вторник, сентября 29, 2009

another try, after some time away, at banking trouble

It’s so rare I get to show up a smart guy who’s my friend too, that I jumped at the opportunity from heaven when buddy said he didn’t get out and vote in the election last week.
‘So what’s all this about being so smart then?’ I said to his face.
‘Yeah, damn it,’ he said, ‘I was really aching to get out and get my word in, but geez if the last couple of days haven’t been hazardous enough.’
So I asked him to tell me the deal.
The whole affair hinged on a couple of complete unforeseeables that, added up, fell down into place like sheer stupid luck, unconnected, but by the power of mathematics, wearisome.
‘Happy New Year!’ he said, ‘this is my story.’
First he was sitting around one day, reading a book, probably, and out of the blue the phone rang.
‘Just a fluke of nature,’ he said, ‘and not foreseeable in the least. My mother’s only friend went down with a case of coming undone at the seams and they took her away to the hospital. Poor lady has a twelve year old daughter, and though my ma offered and asked to take care of the girl, the services came and took her away. But she also has a cat and nowhere to put it into, so I took it on, as mother has the fear of animals and viruses. So I got the cat, and you know, the thing is just adorable, but I must admit I know nothing of how to care for animals, the sphere of my knowledges being limited to politics, and I felt obliged to keep it entertained like any old guest. So after they brought it by, I was spending my time rolling around with it on the floor; I went to the store and bought a ball of yarn, and I’ve been rolling around throwing the ball of yarn at it, and basically we’ve been having a grand old time. Despite the wounds on my face and arms, we have bonded famously and I call him little cat face, and it’s great. Eventually I had to go to work and do my thing there though, and poor cat face, as any guest could be expected to, got bored. So when I got home I found he had eaten everything made of material, and scratched the walls up to boot, and I had a long night stitching up my business suits and making the place liveable again.’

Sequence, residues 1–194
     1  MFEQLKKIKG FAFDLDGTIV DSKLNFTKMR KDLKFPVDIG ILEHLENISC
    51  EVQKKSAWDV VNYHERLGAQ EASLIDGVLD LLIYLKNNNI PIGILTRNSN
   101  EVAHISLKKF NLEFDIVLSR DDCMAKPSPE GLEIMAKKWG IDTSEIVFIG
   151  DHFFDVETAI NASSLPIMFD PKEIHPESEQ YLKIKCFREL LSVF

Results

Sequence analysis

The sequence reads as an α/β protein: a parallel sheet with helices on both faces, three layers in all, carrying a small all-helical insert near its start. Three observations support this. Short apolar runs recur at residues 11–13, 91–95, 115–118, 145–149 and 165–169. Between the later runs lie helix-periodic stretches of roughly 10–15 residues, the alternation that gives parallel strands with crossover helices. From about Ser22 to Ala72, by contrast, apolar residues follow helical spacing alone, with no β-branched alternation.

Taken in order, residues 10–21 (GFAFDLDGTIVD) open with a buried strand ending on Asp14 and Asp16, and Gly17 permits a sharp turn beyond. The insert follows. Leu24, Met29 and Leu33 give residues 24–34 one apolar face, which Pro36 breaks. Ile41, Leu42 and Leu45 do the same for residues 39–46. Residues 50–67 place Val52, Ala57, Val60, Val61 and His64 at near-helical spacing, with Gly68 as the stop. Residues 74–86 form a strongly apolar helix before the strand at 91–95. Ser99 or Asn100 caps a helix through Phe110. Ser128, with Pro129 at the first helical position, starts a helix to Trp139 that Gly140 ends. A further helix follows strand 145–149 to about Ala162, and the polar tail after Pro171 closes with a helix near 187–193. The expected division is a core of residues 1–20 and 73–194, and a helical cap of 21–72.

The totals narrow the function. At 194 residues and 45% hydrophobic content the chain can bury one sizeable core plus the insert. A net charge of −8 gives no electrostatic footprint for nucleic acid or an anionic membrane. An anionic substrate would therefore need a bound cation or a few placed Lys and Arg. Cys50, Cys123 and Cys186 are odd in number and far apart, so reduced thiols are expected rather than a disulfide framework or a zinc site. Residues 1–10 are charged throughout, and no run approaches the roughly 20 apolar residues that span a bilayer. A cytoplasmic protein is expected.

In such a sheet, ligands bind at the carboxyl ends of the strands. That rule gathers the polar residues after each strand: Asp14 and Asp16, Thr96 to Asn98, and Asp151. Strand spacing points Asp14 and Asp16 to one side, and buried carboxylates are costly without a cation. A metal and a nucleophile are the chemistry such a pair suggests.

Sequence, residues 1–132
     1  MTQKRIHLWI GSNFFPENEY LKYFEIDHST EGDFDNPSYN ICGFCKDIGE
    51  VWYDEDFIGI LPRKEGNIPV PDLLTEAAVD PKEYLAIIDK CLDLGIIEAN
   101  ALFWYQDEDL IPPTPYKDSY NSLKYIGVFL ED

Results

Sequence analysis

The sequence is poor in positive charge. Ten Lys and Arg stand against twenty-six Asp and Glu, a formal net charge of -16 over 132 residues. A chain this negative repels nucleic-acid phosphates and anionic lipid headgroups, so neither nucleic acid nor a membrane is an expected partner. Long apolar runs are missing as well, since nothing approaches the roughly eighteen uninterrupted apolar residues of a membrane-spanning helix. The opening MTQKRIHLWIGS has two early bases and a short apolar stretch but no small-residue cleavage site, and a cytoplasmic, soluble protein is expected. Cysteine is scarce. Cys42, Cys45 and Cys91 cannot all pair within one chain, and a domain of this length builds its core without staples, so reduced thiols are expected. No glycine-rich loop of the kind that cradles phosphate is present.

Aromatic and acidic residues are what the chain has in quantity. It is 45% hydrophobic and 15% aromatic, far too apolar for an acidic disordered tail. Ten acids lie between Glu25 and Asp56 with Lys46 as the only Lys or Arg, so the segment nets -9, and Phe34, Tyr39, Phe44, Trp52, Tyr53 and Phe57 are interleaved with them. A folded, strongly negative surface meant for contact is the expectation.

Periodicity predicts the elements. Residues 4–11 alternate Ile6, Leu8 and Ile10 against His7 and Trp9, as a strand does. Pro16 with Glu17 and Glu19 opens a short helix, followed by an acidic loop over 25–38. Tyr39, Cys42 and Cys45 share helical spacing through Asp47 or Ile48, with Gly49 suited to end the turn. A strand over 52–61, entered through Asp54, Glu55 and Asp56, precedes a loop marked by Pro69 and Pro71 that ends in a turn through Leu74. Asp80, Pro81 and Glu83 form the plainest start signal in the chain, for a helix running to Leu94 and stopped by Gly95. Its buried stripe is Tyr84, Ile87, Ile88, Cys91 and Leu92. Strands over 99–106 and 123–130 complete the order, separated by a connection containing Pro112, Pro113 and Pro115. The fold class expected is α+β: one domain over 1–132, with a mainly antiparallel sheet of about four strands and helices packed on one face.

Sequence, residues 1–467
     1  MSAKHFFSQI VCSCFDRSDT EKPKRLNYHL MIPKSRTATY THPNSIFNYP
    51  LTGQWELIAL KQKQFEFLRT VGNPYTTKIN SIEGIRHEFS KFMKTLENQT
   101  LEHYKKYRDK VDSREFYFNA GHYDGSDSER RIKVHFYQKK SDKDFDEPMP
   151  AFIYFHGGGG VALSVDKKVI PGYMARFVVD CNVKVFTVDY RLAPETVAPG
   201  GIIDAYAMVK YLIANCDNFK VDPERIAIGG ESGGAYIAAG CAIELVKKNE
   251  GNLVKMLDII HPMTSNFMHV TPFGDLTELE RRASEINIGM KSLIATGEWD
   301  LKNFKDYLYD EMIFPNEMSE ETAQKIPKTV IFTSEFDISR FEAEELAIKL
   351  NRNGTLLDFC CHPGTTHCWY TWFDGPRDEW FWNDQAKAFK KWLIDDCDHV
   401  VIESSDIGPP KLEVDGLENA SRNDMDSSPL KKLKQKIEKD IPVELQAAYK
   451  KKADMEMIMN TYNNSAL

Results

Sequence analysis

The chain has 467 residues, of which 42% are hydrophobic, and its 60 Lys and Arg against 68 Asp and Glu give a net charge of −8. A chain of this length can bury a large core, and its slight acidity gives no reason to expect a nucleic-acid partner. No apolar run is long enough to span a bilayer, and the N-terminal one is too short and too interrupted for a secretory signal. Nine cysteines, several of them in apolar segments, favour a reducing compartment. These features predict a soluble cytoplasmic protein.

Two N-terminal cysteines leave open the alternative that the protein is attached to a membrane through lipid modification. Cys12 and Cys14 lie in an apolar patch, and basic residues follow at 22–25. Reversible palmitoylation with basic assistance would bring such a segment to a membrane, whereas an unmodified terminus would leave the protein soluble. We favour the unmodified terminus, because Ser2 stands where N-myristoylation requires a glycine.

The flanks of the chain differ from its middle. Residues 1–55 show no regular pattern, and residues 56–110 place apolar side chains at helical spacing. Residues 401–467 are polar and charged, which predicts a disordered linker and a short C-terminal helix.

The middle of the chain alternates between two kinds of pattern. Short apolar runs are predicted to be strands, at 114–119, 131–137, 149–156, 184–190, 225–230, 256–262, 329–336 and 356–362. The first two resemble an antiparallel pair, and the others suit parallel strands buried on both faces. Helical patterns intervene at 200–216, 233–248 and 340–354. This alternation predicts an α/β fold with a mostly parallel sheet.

‘That’s all interesting and good,’ I said, impatient to be right after all, ‘but I don’t see how it kept you away from the polling booths.’
‘Well,’ he said, ‘seeing as your culture is one inclined to impatience and punch lines I can forgive you, but if you just let me go, I’ll lead you on to the end.’
‘Ok,’ I said, ‘I’m sorry.’
‘A couple of days later another thing happened that was just a complete fluke too, and not an everyday occurrence. While I was snoring in my bed for the night, dreaming of all the slurpees my modest wages bring me after the loan payments have gone through, I found myself awoken by the telephone with another urgent bad call from my mother. This time a robber had cracked in and broken the window by her backdoor, and made haste with her purse. She had no documents and didn’t know how she would recover her peace of mind, or convince other people she was who she said. I managed to calm her down enough to make out her words and promised to stop by and help her talk to the police. I did just that, and said “thank you” to the officer, and was about to leave when my mother asked me to give her the cat for company and to feel protected.
‘“The usual collocation is guard dog, mother,” I said, ‘but if it will help with the tears, I guess you can have him.”